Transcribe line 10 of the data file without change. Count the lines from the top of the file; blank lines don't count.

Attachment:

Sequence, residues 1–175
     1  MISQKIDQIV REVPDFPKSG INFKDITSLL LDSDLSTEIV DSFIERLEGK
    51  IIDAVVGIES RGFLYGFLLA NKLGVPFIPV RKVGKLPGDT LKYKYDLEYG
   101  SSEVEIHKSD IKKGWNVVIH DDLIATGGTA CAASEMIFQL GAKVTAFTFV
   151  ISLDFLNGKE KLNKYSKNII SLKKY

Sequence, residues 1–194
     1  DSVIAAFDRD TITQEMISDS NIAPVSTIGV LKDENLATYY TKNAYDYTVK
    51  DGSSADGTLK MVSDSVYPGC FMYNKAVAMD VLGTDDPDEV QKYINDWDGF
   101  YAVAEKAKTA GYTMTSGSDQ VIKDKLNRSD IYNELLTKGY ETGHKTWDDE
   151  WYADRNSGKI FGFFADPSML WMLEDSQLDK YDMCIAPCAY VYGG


   151  WYADRNSGKI FGFFADPSML WMLEDSQLDK YDMCIAPCAY VYGG